Time will tell who the fix is, but if it turns out to be an up-and-comer, don’t be surprised if it’s former Ole Miss OC Jeff Lebby. Lebby his alma mater, Oklahoma, in the top five in total offense, pass efficiency and scoring offense. Zac Selmon grew up and worked at Oklahoma before being hired at State in January.
Another name that has created internet fodder since Arnett’s departure is a blast from the past: Dan Mullen. Mullen led the Bulldogs to new heights before taking the Florida job in search of a national championship. In four seasons with the Gators he was 34-15, before being fired and becoming a commentator. Does he want back in? Would the Bulldogs take their ex back? Inquiring minds want to know.
Lebby’s name will also get some mention at Ole Miss if this becomes the year that Kiffin finally leaves.
Kiffin’s name has been the subject of job speculation every year since his arrival at Ole Miss in 2020.
The A&M search may never get to Kiffin. He appears to be a fallback candidate according to the early names floated in various reports since Fisher’s dismissal.
If Kiffin were to end up at Texas A&M, it would be about money. Not his salary money. He’s well compensated at nearly $10 million a year at Ole Miss. But Name, Image and Likeness money.
According to the Bryan-College Station Eagle, A&M athletes have earned more than $8.5 million in the two-year existence of NIL. Kiffin has joked about the need for a “luxury tax” for A&M and incoming SEC member Texas. His jabs at Jimbo prompted a sometimes heated, sometimes comical feud between the two coaches.
But there is a hint of envy behind Kiffin’s taunts. When Ole Miss defensive coordinator DJ Durkin to the Aggies Kiffin said, “We tried to keep him. We got outbid. Kind of a common theme with that program.”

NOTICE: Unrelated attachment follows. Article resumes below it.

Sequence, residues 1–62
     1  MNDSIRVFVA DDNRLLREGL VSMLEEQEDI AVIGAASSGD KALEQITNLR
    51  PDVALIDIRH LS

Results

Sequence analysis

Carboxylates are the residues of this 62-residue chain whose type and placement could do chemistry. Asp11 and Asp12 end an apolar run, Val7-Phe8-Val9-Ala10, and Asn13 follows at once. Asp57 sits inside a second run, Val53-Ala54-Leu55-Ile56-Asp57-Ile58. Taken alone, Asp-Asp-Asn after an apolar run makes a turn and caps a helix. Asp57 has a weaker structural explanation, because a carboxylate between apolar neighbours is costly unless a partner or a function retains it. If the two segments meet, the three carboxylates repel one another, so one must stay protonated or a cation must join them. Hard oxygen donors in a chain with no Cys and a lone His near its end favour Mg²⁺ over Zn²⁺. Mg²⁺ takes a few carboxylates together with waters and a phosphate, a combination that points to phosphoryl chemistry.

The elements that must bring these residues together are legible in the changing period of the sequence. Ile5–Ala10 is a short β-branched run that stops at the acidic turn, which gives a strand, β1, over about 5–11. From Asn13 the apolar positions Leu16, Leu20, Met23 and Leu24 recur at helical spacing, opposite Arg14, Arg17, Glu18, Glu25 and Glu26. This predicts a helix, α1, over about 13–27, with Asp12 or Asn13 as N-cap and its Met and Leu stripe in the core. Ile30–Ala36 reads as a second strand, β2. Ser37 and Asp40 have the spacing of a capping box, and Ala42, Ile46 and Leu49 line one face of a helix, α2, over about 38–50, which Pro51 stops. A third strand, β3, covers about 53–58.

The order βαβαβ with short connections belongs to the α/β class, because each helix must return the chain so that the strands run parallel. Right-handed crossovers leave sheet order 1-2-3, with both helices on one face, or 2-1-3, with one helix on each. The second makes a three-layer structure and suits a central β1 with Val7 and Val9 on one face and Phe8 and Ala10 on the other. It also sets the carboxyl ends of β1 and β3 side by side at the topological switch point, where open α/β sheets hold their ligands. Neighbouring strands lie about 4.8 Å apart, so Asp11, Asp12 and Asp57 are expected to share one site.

It’s not surprising that a school that can pay a coach $77 million to leave would also be a leader in NIL. A&M’s resources are no joke.
While needling Jimbo off the field, Kiffin was 3-0 against Jimbo on the field.
Ole Miss’ only two losses this season – both in dominant fashion – have come against SEC heavyweights Georgia and Alabama.
After losing 52-17 Saturday night in Athens, Kiffin compared his roster with one five-star player to Georgia’s with, by his count, “24 or something.” The subtext is that if he could get better players, he could compete with the heavyweights.
When Kiffin was asked Sunday about his name being attached to what’s next for A&M, his response was, “I’m not going there again. I should have been prepared for that question, I wasn’t. I’m not answering that.”
Kiffin “went there” or at least let Auburn speculation fester last year in a bizarre in-season courtship, one that no doubt contributed to a blowout loss at Arkansas just days before the Egg Bowl.
When the rivalry game came Kiffin couldn’t figure out Arnett’s defense, and State won 24-22 in Oxford.
Another beatdown at the hands of Texas Tech in the bowl game cemented a 1-5 finish after an 7-0 start.
The only Rebels win in that stretch was against Jimbo.
It was a bad look for Kiffin, and his allure took a hit.
Now with Louisiana-Monroe and struggling State left on the schedule, Kiffin has a great chance for a second 10-2 regular season in three seasons. That’s rare air for the Rebels.
He just needs to be locked in, make sure what happened in Athens stays in Athens, and not get sucked into another soap opera.